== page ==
The secretary in the rayon printed blouse, wool skirt and sensible black shoes stood amidst the maze of cubicles in the old Lansburgh's Department store, where the D.C. government now maintains some offices. Hands on her hips, she rolled her eyes at the question.

"You want to know what I think of the mayor's idea to raise the salaries of his [top] aides when the city's laying off people and giving the rest of us less than the federal workers? Hummpf!" she said. "To put it mildly, I think it's a bad idea."

Mayor Marion Barry's proposal to raise the salaries of some of his top administrators brought snickers in District Building corridors yesterday morning, according to one D.C. City Council member. But it also sparked disgruntled opposition from the city's rank and file workers, their unions and several council members.

The city's budget crisis led to the layoff last year of more than 1,000 workers, including about 700 school-teachers, and for the first time in years, city workers received pay increases considerably less than those proposed for federal employes.

Barry said Monday that he will ask the City Council to raise the salaries of the city's cabinet-level department heads, now limited to $50,112 a year, because he is concerned that he may not be able to keep his top managers.

Several top aides have already left the city government of more attractive offers. And last week, City Administrator Elijah B. Rogers, who by title is the number two person in city government, said he would consider leaving if he is offered a better paying city manager's job in Oakland, Calif.

In suggesting the pay increases, Barry contended that layoffs caused by the budget crisis essentially were over and that "the work force is settled down."

But yesterday on the ground floor of the District Building, works in the support services unti that handles supplies for the City Council were upset. They said the mayor's proposal bothered them at a time when city workers were only granted a 5 percent pay raise while federal workers received a 9.1 percent increase.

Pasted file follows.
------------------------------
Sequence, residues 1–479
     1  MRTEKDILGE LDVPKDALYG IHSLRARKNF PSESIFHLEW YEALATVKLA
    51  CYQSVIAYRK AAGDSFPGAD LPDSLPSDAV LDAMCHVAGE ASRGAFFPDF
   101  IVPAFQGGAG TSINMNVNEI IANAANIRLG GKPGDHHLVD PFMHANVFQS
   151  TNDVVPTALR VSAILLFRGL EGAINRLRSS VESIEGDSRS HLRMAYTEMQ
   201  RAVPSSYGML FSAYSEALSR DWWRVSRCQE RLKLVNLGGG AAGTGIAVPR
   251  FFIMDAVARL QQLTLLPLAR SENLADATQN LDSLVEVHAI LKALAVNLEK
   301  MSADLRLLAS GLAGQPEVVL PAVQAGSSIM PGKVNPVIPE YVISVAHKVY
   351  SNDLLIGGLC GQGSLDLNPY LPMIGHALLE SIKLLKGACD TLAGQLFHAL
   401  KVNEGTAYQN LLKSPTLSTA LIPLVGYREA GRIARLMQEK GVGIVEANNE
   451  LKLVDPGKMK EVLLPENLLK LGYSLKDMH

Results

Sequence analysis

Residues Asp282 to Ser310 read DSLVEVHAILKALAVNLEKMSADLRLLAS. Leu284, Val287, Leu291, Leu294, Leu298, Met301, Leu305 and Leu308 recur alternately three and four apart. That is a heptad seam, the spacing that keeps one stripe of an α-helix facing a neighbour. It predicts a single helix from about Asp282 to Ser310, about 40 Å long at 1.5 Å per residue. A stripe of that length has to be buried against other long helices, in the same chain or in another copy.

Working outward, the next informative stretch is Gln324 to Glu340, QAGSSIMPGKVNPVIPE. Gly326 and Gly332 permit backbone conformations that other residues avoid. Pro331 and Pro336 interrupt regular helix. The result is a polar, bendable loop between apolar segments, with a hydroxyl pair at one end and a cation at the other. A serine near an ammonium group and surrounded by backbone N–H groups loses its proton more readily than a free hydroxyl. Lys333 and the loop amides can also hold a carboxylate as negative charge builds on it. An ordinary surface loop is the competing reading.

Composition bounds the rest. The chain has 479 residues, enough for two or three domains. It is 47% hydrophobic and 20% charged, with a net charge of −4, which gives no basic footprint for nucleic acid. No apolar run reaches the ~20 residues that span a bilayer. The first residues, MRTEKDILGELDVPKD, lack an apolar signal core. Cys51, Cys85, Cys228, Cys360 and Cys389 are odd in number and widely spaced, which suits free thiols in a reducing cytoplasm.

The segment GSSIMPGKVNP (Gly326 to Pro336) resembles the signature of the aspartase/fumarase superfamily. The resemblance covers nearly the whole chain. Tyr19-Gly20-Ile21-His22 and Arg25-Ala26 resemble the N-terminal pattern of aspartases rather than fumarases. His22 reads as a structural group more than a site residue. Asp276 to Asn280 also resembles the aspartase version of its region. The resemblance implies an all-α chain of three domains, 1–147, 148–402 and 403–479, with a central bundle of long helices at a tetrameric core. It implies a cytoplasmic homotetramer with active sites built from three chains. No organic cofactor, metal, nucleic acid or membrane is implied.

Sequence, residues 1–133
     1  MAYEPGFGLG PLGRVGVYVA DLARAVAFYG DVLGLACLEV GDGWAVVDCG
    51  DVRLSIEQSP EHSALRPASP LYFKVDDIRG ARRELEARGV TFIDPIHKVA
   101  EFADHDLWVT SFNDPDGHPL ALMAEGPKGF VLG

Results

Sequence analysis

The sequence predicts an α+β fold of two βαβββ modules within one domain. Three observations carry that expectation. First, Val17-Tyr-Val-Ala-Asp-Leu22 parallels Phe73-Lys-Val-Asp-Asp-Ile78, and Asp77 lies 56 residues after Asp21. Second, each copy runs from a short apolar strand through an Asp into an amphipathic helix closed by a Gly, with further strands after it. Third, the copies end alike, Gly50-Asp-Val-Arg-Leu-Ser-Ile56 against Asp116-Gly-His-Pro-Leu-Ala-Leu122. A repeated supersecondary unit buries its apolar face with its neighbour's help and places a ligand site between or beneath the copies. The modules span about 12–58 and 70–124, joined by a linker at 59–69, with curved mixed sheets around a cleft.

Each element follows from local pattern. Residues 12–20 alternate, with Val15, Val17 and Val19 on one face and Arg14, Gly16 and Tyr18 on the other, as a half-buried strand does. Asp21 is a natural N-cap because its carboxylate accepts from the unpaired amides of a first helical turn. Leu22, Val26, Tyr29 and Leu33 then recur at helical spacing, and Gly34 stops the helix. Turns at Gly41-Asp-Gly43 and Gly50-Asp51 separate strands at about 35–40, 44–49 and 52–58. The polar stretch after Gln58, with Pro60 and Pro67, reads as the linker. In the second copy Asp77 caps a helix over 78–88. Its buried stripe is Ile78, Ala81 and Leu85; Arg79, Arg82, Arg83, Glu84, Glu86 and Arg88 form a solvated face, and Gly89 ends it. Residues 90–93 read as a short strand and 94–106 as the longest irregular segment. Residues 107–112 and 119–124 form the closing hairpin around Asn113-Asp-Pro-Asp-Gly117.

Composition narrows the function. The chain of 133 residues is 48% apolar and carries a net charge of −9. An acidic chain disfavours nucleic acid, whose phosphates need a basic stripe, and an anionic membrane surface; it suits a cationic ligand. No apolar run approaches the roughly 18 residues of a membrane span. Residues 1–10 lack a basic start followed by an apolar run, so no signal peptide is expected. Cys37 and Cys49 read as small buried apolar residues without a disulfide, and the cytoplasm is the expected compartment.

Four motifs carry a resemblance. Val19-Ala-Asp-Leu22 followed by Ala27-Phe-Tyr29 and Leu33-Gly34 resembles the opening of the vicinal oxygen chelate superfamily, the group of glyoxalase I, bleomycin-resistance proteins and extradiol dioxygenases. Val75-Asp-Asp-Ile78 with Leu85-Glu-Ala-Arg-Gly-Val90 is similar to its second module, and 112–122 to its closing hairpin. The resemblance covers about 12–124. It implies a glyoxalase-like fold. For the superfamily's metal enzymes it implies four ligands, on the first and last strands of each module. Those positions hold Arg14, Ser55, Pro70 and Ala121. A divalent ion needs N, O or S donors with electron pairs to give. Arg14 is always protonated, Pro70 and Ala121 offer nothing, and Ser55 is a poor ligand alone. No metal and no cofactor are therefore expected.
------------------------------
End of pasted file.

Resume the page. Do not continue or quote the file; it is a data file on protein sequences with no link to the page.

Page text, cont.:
"The mayor's top aides don't need it, man, they ain't, starvin',' said one support services worker as he handed two thick note pads to a councilman's aide. "To me, it sounds like favoritism and it sounds like the only reason why the mayor wants to do it is to keep Rogers."

Another worker said, "It makes me angry, people talk about it, but what can you do?"

Spokesmen for unions that represent city employes complained that Barry's proposal isn't sensitive to the needs of lower-salaries workers.

"Where is the justice?" said Bernard Demczuk, political coordinator for Council 211 of the American Federation of Government Employees, which represents about one-third of the city's 36,000 workers. "I picked up the paper this morning and read that Barry and Rogers are being hit by inflation. How can they be concerned about inflation making $50,000 a year when we have workers making only $15,000 a year and facing layoffs?"

Geraldin Boykin, of Council 20 of the American Federation of State, County, and Municipal Employees, said: "I just wish the same compassion could be given to the employes who work also and have to pay the same price for a loaf of bread as those whose salaries he may propose to increase."

Reaction in council offices was just as severe. "I don't think we can even talk about raising anybody's salaries at a time like this," said Hilda H. Mason, (S-At Large).

"I will not only vote against the measure, but also urge my colleagues on the council to do the same," said John Wilson, (D-2). "Considering the city's present financial condition, it is inconceivable that such a salary increase could be contemplated at this time."

Mayor Barry's one-word reaction to his critics was: "Nonsense."